Editor-in-chief James Mawson considers the long, risky and capital-intensive processes of scaling hardware companies.

It is always worthwhile listening to really smart people – one of the perks of the job on Global University Venturing, Global Corporate Venturing and Global Impact Venturing is that basically means everyone in our network – as they engage in making the world a better place.

So, my thanks to Aaron Brandt and Nathan Pascarella at Hypertherm Ventures and its partner, Mach 49’s David Moran and Paul Holland, for the invitation to attend its webinar this week, including star speakers CEO Evan Smith, NEA managing partner Scott Sandell and Vladimir Bulović, professor of electrical engineering and computer science at Massachusetts Institute of Technology (MIT).

While not the most diverse group on certain metrics, it was fascinating how industrial group Hypertherm over the past 50 or so years has grown out of the founder’s garage into one with 1,800 people focused on people, planet and profits.

The $30m Hypertherm Ventures fund is targeting early-stage deals in advanced manufacturing, which is a difficult place to back with limited capital and an awareness of the lengthy time horizons required.

Think of the time from patent to commercialisation of say zips or velcro and it is easily beyond a decade (12 and 13 years, respectively, according to Bulović). The challenge is moving from idea or prototype to scale and cost efficiencies that can bring.

It is relatively easy for students in a laboratory to whack electrical current through a pickle and see if it glows. But far harder to turn this lightbulb moment into organic light-emitting diodes (OLED) where the voltage can change the colour.

Venture capitalists can turn to software rather than hardware for faster proof points of whether the idea can scale, which is why just 3% to 5% of VC cash goes to hardware. Corporations in physical tech, however, still need the new ideas to flow.

Bulović said the traditional 10-year innovation cycle usually looked like ideas form over a few years at university before a paper is presented at a conference where corporations can listen in for potential ideas and take them back to the corporate research and development labs for a half-dozen more years work and then production.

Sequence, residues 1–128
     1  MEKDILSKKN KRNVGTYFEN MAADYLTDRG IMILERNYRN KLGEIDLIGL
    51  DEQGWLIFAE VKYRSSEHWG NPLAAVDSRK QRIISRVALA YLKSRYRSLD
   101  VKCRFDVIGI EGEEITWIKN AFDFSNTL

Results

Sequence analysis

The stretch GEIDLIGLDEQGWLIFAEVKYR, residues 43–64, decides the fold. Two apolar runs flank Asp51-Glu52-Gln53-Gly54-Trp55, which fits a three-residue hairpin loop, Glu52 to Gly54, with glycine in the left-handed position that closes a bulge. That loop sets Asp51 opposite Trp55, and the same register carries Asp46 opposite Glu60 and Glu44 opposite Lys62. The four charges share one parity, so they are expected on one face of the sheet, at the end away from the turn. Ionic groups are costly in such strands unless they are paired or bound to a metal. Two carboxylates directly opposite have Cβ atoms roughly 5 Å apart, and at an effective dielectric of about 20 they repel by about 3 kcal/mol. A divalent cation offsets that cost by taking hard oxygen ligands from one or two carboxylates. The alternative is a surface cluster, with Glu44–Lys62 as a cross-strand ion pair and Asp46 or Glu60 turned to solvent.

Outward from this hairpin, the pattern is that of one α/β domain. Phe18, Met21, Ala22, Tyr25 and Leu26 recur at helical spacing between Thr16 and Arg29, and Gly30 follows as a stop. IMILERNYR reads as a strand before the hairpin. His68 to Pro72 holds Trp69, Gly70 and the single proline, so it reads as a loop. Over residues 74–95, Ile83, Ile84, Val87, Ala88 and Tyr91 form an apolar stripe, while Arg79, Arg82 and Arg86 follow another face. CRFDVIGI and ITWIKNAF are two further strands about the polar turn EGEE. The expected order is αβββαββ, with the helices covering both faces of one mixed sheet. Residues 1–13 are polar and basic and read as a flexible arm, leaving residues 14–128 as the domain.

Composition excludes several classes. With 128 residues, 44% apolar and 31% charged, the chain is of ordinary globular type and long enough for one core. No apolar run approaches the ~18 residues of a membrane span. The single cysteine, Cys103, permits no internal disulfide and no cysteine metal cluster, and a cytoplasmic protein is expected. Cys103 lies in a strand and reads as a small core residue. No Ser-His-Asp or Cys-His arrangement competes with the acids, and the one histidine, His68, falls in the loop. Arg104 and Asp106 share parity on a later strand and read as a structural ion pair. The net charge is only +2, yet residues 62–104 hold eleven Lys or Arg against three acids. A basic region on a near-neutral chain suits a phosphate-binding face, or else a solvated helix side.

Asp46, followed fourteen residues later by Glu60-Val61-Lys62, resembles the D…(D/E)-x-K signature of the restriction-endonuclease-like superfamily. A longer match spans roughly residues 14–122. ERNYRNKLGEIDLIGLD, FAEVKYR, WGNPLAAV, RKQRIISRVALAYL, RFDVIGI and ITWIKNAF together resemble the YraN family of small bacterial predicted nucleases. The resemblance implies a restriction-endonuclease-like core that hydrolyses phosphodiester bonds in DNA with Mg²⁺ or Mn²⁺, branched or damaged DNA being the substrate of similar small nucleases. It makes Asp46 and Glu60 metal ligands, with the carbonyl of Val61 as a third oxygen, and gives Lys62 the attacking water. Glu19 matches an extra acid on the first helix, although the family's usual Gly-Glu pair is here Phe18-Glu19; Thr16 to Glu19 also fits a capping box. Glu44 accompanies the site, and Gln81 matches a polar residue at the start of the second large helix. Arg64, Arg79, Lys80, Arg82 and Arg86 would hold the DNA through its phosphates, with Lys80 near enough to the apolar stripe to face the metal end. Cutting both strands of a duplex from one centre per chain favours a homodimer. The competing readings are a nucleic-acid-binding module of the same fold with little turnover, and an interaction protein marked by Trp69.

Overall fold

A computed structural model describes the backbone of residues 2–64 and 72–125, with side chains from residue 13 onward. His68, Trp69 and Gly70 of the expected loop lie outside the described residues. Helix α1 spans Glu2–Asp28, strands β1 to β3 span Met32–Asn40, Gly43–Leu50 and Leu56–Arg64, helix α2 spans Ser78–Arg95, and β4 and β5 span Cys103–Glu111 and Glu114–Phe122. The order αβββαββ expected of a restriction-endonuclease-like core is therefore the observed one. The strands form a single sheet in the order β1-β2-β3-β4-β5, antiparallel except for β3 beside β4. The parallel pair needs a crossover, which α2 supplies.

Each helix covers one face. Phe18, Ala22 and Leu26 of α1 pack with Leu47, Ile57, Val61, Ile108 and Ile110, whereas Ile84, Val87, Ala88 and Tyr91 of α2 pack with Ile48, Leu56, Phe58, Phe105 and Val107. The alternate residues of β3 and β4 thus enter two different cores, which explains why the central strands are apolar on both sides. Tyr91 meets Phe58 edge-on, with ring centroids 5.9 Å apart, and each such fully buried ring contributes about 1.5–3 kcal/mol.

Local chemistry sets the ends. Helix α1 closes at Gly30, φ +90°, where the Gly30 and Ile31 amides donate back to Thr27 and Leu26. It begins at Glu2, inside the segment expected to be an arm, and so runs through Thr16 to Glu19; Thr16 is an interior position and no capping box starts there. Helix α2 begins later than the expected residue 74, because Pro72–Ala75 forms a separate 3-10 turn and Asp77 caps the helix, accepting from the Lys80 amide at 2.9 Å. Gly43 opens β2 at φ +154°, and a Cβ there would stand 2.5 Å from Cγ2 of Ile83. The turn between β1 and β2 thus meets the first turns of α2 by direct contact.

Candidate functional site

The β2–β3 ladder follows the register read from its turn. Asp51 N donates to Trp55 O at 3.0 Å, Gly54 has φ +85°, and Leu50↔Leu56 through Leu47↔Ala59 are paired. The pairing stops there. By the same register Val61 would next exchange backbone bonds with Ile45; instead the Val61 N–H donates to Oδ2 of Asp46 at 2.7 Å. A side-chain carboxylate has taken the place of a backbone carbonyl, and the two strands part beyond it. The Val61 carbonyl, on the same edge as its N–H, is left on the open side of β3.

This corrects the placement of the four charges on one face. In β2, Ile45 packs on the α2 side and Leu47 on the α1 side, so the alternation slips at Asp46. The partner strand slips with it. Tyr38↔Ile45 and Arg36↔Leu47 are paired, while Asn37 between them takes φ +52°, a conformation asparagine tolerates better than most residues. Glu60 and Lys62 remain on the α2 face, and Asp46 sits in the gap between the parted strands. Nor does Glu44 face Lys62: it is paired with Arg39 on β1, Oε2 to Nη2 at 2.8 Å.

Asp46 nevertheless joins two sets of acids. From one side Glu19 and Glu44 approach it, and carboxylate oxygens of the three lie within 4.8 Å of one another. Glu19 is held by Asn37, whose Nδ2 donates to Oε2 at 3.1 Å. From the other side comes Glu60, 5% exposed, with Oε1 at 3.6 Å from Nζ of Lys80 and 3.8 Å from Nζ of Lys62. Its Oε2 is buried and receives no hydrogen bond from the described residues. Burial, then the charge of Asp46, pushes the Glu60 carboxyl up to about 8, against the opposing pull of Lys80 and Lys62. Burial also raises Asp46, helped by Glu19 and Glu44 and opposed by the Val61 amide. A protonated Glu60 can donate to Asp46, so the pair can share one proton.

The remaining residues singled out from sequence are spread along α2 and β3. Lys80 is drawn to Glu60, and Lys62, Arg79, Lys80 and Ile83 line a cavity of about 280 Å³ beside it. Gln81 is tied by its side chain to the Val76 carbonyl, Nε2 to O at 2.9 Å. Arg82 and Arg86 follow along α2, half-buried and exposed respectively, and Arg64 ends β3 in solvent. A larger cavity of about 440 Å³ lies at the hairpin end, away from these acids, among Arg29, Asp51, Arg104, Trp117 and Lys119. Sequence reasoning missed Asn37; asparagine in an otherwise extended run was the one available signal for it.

Long, risky, capital intensive. All of which are unappealing especially if the average tenure of a hardware company CEO is six years, Bulović added. Instead, universities are turning to startups for the middle years of development. Here, some seed or early-stage capital allied to lab space at places like Bulović’s MIT Nano facility can reduce costs and prototype ideas, such as quantum dot OLEDs or carbon nanotube chips. (In this light it is no surprise MIT committed $25m and $35m, respectively, to The Engine’s first two deeptech-focused funds. You can listen to Lesley Millar-Nicholson, director of the Technology Licensing Office and Catalysts at MIT, share more in an interview with GUV editor Thierry Heles.)

The corporation can then buy, invest in and/or license the technology and scale it through their distribution platforms, just as Samsung did with QD Vision and Kateeva for OLEDs. It is a model other universities through the TenU network are also looking to develop and GUV will be reporting on these plans in January’s update from the community.